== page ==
Thursday, June 7, 2012

CT Scans Raise Cancer Risk in Children

A CT scan may not be the best way to evaluate traumatic brain injury (TBI) in a child, especially if he or she had a previous scan. New research indicates that CT scans pose potential cancer risks from associated ionizing radiation, particularly to children, who are more radiosensitive than adults. The 20-year retrospective study, funded by the U.S. National Cancer Institute and the U.K. Department of Health, was published online in the Lancet today.

Researchers said the use of CT scans in children to deliver cumulative doses of about 50 mGy might almost triple the risk of leukemia, and doses of about 60 mGy might triple the risk of brain cancer. Because these cancers are relatively rare, the cumulative absolute risks are small: In the 10 years after the first scan for patients younger than age 10, one excess case of leukemia and one excess case of brain tumor per 10,000 head CT scans is estimated to occur. Clinical benefits should outweigh the small absolute risks, but radiation doses from CT scans ought to be kept as low as possible, and alternative procedures that do not involve ionizing radiation should be considered.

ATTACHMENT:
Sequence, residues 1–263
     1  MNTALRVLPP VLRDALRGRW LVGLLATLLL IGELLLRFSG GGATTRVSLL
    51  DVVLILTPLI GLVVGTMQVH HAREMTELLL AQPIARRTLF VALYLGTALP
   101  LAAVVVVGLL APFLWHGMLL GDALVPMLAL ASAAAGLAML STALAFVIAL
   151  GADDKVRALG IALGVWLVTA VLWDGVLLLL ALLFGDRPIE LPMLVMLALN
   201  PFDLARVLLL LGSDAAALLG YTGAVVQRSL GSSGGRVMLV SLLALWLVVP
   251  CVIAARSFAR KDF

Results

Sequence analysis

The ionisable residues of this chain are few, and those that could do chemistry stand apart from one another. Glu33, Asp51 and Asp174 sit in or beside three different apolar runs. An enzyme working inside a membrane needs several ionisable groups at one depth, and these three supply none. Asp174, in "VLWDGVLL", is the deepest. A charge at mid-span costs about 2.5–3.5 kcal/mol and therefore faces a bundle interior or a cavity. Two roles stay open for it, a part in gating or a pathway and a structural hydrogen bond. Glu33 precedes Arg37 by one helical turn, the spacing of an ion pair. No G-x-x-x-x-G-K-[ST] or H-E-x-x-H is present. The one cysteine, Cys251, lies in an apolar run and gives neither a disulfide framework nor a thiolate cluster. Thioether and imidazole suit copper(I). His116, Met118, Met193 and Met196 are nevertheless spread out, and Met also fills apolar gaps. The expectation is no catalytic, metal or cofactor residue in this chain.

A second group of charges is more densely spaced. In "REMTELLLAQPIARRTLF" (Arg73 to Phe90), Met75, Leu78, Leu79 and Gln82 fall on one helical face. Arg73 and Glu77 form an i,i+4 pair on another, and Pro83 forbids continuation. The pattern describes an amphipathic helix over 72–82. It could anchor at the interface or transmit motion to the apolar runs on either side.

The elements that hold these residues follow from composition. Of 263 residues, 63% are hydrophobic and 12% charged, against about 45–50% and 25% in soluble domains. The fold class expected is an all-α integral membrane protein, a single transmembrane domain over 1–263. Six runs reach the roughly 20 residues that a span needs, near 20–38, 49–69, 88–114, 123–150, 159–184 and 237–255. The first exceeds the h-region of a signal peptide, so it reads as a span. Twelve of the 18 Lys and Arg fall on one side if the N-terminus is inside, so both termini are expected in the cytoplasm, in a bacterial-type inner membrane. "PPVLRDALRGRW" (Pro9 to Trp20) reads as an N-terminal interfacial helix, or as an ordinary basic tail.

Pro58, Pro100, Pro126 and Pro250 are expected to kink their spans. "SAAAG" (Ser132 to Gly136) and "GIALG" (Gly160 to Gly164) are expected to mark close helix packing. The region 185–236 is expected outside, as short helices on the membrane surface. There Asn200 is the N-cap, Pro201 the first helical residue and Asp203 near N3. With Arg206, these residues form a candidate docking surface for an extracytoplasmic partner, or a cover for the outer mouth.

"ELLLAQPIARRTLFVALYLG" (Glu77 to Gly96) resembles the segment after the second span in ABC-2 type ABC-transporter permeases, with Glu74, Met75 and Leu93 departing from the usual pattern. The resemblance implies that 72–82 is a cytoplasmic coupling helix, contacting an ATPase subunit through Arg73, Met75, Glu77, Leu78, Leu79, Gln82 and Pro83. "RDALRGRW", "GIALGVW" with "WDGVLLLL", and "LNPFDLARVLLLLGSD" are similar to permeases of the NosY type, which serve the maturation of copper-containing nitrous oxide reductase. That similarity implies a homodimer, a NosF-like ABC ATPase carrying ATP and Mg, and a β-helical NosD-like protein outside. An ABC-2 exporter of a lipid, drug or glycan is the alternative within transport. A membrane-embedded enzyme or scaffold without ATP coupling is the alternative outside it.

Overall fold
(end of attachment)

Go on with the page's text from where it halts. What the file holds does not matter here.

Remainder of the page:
For information about other methods for evaluating children with possible TBI, see the Textbook of Traumatic Brain Injury, Second
, available from American Psychiatric Publishing,

(Image: Marcel Mooij/


The content of Psychiatric News does not necessarily reflect the views of APA or the editors. Unless so stated, neither Psychiatric News nor APA guarantees, warrants, or endorses information or advertising in this newspaper. Clinical opinions are not peer reviewed and thus should be independently verified.